Working nine to five is a bitch sometimes. On the plus side, thanks to the 37-odd hours a week I spend putting up with other people's BS, I am more or less financially solvent on a good month. On the downside, all those early mornings can leave one a little drained of a night.
It was thusly that I arrived at Wednesday's Diffrent Strokes event at the Primrose Pub, Leeds… late and not in the best of moods. The first act I managed to catch was Chief Wigz of 9-Lives Clik, backed up by Pro-Optik and Eliphino. Wigz is a bit of an acquired taste and I was not in anywhere near the right frame of mind for his hardcore, rough edges approach to the art and craft of MCing. I'll provide a more objective review another time…
Next up were the GroundWurq crew from Huddersfield – J-Simple, Jack Flash and DJ Heritage representing over beats by ApaTight (who I think was absent that night). GroundWurq have received a definite boost to their profile over the last few weeks due to a spot on Jehst's Mengibus Mixtape and I was interested to see how they would acquit themselves live.
Jack Flash initially stood behind the decks, speaking through a lowered fixed mic and rocking an NY New Era Cap, hence looking strangely like someone who had come to a fancy-dress party as a skinny, white version of Funkmaster Flex. J-Simple meanwhile took to the fore and led on mic duties for the first couple of tunes. Both MCs were energetic and boasted well-constructed flows, but in my humble opinion need to develop a little further if they are going to be seen as serious contenders independent of the High Plains Drifter. Jehst may be famed for blazing serious weed, but a high-quality weed-carrier is still a weed-carrier.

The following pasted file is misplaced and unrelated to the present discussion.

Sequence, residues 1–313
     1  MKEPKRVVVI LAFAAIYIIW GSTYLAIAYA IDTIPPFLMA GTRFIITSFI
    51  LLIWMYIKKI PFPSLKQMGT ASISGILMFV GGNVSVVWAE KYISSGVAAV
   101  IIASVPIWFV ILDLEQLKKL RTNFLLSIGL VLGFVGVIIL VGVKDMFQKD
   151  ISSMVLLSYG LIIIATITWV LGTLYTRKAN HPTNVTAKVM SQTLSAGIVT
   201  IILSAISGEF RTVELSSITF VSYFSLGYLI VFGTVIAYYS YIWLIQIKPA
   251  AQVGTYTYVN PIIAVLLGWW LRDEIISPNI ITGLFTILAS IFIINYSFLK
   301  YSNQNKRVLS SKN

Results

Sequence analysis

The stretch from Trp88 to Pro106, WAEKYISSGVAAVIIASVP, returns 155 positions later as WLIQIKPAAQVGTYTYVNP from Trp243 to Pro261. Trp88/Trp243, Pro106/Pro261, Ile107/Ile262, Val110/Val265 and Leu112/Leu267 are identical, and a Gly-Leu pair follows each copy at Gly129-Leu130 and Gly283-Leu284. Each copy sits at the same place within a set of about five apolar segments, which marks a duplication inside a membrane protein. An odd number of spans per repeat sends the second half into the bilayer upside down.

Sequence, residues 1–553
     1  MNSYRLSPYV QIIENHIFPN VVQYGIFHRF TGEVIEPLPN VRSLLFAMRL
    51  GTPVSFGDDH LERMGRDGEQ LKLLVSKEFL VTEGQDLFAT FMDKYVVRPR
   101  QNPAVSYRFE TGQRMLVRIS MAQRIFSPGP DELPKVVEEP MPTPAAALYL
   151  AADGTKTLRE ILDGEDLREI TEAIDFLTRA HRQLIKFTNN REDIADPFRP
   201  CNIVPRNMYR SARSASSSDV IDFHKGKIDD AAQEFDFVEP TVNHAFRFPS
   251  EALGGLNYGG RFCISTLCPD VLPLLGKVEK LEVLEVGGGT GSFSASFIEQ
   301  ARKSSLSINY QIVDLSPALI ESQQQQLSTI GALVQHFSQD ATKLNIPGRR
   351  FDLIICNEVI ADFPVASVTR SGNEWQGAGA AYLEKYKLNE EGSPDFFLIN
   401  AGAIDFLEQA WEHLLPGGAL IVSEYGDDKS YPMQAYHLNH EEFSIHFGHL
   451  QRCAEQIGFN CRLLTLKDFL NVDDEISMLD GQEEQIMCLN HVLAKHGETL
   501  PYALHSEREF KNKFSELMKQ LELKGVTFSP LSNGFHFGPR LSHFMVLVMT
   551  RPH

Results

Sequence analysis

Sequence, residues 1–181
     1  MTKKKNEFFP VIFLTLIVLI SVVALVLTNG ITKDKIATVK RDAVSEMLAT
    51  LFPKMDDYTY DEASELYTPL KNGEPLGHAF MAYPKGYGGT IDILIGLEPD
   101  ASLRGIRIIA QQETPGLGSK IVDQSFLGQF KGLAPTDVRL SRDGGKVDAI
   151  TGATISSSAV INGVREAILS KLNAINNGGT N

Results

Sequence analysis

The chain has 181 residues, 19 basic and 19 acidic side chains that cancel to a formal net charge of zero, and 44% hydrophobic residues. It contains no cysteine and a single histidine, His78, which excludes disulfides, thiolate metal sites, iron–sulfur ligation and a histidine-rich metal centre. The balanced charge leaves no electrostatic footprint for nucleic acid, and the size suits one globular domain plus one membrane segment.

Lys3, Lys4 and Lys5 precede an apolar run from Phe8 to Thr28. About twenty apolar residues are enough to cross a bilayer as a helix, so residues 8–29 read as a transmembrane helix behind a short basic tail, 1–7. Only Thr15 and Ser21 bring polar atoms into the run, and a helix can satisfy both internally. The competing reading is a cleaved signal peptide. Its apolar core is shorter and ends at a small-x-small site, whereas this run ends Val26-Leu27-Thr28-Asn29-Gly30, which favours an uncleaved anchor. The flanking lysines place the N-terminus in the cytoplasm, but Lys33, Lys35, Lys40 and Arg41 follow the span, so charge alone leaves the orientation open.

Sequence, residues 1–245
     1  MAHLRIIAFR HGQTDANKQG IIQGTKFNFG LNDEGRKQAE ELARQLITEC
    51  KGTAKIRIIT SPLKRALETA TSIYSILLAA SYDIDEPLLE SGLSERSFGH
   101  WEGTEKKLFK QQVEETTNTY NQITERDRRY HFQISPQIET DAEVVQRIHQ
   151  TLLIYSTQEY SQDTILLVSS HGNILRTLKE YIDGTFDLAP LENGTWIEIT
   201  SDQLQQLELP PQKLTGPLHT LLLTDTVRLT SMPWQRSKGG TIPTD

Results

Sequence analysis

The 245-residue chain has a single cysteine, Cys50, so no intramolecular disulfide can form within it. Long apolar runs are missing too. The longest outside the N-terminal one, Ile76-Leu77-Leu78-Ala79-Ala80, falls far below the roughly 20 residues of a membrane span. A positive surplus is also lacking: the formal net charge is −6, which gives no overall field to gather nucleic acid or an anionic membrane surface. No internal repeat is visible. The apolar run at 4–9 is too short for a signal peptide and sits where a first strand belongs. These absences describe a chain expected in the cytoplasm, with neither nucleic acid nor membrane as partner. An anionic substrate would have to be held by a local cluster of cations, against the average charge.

I only saw part of Tru Ruts' set but, having been persuaded to feature them on my HHBRadio.com show the following night, I can attest that MC TruthMaze and spoken word artist EG Bailey are both entertaining and creative performers. They had made the trip over from Minneapolis, Minnesota (not just for Diffrent Strokes, mind!) and definitely brought some Mid-West flavour to proceedings.
Finally, the headline act, IRS, were simply stunning. With four MCs and one DJ on stage, it might be expected that the cohesion of their set would drop of at some point but this was categorically not the case. Every word, note and beat was interesting, involving and natural. Jim Jones flip "Brassic" was my personal favourite and I know social-networking send-up "CrackSpace" was eagerly anticipated by several present – the performance did not disappoint despite slightly cloudy vocals due to the limitations of the sound-system.
If you've heard good words about these guys, believe them and make sure you get hold of a copy of their mixtape "The World Is Theirs" which is dropping any day now.